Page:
The United States and Cuba have re-established a direct telephone link, the Cuban state telecommunications company said today, in the latest step toward normalizing ties between the one-time Cold War foes.
For the first time since 1999, calls can now be made directly from the United States to Cuba and vice versa, without passing through a third country, the company, Etecsa, said in a statement.
"The reestablishment of direct communications between the United States and Cuba contributes to providing better infrastructure and better communications quality between the people of both nations," Etecsa said. The connection was set up through a February deal signed with New Jersey-based firm IDT Domestic Telecom.
It was the first agreement signed between Cuban and American companies since the announcement on December 17 that the two countries would renew diplomatic ties after more than 50 years of hostility. The telephone link between the two countries has been interrupted and restored numerous times since Fidel Castro came to power in the Cuban Revolution in 1959 and began nationalizing American-owned companies in the 1960s.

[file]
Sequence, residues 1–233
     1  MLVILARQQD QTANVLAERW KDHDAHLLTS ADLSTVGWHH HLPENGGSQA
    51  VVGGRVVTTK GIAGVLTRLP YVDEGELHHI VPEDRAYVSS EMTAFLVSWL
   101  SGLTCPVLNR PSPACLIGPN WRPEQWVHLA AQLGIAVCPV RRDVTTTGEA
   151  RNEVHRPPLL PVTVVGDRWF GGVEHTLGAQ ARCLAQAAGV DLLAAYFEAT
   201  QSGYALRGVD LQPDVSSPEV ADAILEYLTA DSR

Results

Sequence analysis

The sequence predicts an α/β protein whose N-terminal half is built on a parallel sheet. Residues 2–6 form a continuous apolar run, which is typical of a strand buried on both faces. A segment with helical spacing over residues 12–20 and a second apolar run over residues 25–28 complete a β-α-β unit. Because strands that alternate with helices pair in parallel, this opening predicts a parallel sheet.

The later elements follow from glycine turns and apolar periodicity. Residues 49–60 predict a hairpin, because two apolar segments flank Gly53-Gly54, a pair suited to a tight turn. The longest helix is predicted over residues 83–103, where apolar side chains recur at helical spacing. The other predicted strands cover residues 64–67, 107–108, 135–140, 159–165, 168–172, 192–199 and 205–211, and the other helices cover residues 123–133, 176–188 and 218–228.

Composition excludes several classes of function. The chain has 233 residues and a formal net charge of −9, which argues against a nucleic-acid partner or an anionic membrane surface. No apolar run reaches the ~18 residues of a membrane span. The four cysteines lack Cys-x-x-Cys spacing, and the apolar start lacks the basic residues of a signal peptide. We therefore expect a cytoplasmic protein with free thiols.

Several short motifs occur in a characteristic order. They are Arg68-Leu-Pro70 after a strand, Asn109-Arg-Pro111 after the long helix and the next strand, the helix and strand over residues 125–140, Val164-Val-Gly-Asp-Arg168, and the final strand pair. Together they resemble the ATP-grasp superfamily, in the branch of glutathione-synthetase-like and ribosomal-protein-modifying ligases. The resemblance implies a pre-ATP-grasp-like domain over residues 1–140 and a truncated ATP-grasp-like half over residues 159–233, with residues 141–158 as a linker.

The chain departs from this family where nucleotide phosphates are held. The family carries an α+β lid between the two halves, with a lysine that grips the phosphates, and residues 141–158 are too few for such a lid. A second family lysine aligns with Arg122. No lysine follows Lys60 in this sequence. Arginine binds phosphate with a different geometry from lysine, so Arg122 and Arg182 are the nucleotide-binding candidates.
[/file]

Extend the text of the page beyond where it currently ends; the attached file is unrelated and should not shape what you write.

But this is the first time the connection has been restored since February 25, 1999, according to Cuban authorities. Previously phone calls between the United States and Cuba had to pass through a third country, making them expensive and poor in quality.
Etecsa did not immediately announce new rates. Around two million Cuban-Americans live in the United States, and many families rely on phone calls to stay in touch across the Florida Straits. Postal service between the two countries was cut off in the 1960s and has still not been restored.
The new connection will "initially" be used only for international voice calls, but could eventually transmit other kids of communications as well, Etecsa said. The White House had announced in December that the rapprochement with Havana would include "new efforts to increase Cubans' access to communications and their ability to communicate freely."
That included easing restrictions on exports of telecommunications and Internet equipment, services and infrastructure.